Genetics ultimately defines an individual, yet the phenotype of an adult is extensively determined by the sequence of lifelong exposures, termed the exposome. The redox theory of aging recognizes that animals evolved within an oxygen-rich environment, which created a critical redox interface between an organism and its environment. Advances in redox biology show that redox elements are present throughout metabolic and structural systems and operate as functional networks to support the genome in adaptation to environmental resources and challenges during lifespan. These principles emphasize that physical and functional phenotypes of an adult are determined by gene–environment interactions from early life onward. The principles highlight the critical nature of cumulative exposure memories in defining changes in resilience progressively during life. Both plasma glutathione and cysteine systems become oxidized with aging, and the recent finding that cystine to glutathione ratio in human plasma predicts death in coronary artery disease (CAD) patients suggests this could provide a way to measure resilience of redox networks in aging and disease. The emerging concepts of cumulative gene–environment interactions warrant focused efforts to elucidate central mechanisms by which exposure memory governs health and etiology, onset and progression of disease.

Introduction

Redox theory of aging

“Aging is a decline in plasticity of genome–exposome interaction that occurs as a consequence of differentiation and exposure memory systems.”

The redox theory of aging [1] was developed in response to improved understanding of oxidative stress [2] and advances in central redox theory outlined in the redox code [3,4]. The present article provides an update addressing the implications of redox theory in health and disease. We start with a summary of progress and refinement in the definition of oxidative stress after large-scale, double-blind free-radical scavenging antioxidant trials failed to show health benefits in humans. We briefly summarize the redox code, four principles by which oxidation–reduction (redox) mechanisms support life, and extend these concepts to the redox theory of aging. The redox theory was originally conceived as an extension of the redox hypothesis of oxidative stress, an alternative to free radical mechanisms of oxidative stress [5].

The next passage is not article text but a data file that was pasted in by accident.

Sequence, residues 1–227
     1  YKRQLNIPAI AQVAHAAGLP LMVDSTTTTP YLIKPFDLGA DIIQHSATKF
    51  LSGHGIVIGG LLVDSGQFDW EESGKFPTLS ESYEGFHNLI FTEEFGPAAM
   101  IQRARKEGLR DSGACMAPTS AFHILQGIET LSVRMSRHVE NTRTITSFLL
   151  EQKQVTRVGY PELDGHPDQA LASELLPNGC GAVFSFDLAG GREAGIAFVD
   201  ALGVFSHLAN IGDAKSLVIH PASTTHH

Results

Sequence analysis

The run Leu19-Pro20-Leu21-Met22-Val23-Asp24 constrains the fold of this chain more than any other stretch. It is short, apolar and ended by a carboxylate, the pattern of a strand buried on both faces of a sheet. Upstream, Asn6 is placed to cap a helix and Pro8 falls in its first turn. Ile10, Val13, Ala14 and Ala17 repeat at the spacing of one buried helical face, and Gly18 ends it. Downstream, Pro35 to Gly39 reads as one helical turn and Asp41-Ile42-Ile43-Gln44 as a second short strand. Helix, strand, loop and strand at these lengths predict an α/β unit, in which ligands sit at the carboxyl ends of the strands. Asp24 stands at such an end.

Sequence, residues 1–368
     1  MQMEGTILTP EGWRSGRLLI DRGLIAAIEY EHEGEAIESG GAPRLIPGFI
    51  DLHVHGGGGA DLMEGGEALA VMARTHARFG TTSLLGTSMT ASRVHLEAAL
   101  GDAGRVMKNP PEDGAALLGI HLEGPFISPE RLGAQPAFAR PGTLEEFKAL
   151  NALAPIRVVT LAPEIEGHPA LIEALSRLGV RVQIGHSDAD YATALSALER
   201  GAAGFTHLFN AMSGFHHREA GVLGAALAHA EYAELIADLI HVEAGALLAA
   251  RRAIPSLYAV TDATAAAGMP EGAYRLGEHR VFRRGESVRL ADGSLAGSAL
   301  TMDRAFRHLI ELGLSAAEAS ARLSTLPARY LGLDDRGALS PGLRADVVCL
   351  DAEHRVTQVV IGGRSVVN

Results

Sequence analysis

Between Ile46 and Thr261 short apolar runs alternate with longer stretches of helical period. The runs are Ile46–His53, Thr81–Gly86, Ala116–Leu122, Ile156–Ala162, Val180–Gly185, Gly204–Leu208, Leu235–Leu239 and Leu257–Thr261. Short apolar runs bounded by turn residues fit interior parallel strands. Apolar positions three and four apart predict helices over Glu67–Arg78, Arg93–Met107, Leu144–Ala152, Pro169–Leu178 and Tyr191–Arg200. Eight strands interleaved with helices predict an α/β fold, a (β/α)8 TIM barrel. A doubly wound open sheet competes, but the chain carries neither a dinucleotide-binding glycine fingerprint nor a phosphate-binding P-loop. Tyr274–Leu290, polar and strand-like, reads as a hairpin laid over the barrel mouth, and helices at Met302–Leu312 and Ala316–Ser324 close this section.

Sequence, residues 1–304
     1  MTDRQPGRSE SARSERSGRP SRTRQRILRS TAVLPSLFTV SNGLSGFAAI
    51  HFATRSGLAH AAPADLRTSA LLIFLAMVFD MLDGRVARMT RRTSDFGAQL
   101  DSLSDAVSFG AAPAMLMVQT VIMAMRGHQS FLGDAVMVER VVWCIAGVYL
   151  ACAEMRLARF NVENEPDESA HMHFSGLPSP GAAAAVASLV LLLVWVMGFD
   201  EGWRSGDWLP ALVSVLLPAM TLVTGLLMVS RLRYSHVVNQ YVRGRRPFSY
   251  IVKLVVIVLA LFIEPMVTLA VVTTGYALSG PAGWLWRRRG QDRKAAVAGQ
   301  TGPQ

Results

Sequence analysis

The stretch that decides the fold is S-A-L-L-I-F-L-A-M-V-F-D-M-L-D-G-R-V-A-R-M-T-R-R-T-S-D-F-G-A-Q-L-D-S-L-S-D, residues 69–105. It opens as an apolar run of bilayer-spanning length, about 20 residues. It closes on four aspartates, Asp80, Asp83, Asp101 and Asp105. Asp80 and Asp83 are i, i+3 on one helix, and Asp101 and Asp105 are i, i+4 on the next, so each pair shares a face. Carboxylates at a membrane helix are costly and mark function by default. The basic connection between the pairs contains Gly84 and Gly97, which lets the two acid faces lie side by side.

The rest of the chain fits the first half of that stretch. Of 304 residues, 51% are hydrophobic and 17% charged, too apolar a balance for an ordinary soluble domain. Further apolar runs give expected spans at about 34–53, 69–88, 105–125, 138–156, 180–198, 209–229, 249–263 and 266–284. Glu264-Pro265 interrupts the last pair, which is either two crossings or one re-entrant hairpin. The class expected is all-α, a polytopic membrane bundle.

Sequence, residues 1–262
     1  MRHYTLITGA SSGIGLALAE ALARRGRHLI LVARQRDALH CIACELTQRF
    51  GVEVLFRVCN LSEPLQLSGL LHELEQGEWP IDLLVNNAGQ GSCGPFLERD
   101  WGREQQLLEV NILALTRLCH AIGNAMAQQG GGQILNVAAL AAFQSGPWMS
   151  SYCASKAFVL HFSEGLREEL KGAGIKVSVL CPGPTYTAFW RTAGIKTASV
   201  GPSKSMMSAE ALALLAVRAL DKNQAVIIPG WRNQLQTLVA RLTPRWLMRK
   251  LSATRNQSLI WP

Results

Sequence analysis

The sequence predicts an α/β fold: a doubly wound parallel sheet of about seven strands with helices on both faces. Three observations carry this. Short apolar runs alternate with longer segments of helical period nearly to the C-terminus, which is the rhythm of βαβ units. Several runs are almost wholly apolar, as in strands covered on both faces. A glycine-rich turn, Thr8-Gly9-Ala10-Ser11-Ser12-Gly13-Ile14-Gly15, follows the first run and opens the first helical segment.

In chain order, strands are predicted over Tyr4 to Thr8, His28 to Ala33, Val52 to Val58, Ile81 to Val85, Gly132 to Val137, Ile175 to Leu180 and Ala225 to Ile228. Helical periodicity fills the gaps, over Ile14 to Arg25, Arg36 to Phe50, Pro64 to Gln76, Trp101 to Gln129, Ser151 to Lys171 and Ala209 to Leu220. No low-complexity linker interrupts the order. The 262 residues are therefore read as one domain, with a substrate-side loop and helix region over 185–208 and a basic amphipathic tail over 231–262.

As the main points of the redox theory of aging, we discuss the importance of redox networks as an interface between an individual and his/her environment [6] and the evolution of exposure memory systems to allow animals to adapt to environmental conditions during lifespan to enhance survival and reproductive advantage [1]. The consequence of adaptation to lifelong exposures is a decline in flexibility and adaptability that underlies the theory.

A section is then provided on early life exposures as critical for physical and functional structures of adults, followed by a section on the importance of trace metals, some of which accumulate throughout life and cause progressive disruption of redox networks. This is followed by recent results suggesting that health of redox networks can be measured in terms of the ratio of the disulfide cystine (CySS) to the thiol glutathione (GSH), a ratio that predicts death as an outcome in coronary artery disease (CAD) patients [7]. Additional data are included to suggest that age-associated changes in redox network structures occur with many disease processes, including Type 2 diabetes, non-alcoholic fatty liver disease, atrial fibrillation, and other proinflammatory or profibrotic diseases. A following section briefly addresses the implications of lifelong accumulation of exposure memory in regenerative medicine, a rapidly developing area of innovative therapeutics.

Finally, we summarize and extend these concepts to complex systems approaches in medicine. This includes introduction of cumulative gene–environment interactions during lifespan as a central logic to complex systems research. This is part of a systematic effort to understand lifelong exposures in human exposome research [8,9] and will advance understanding of lifelong exposures in health and disease outcome. Additional study of plasma CySS and CySS/GSH as measures of redox network health could yield new ways to measure and manage resilience during aging. We conclude with the need for development of a hierarchical set of principles linking exposure memory to health outcome as a way to guide personalized health and disease prevention strategies.

Oxidative stress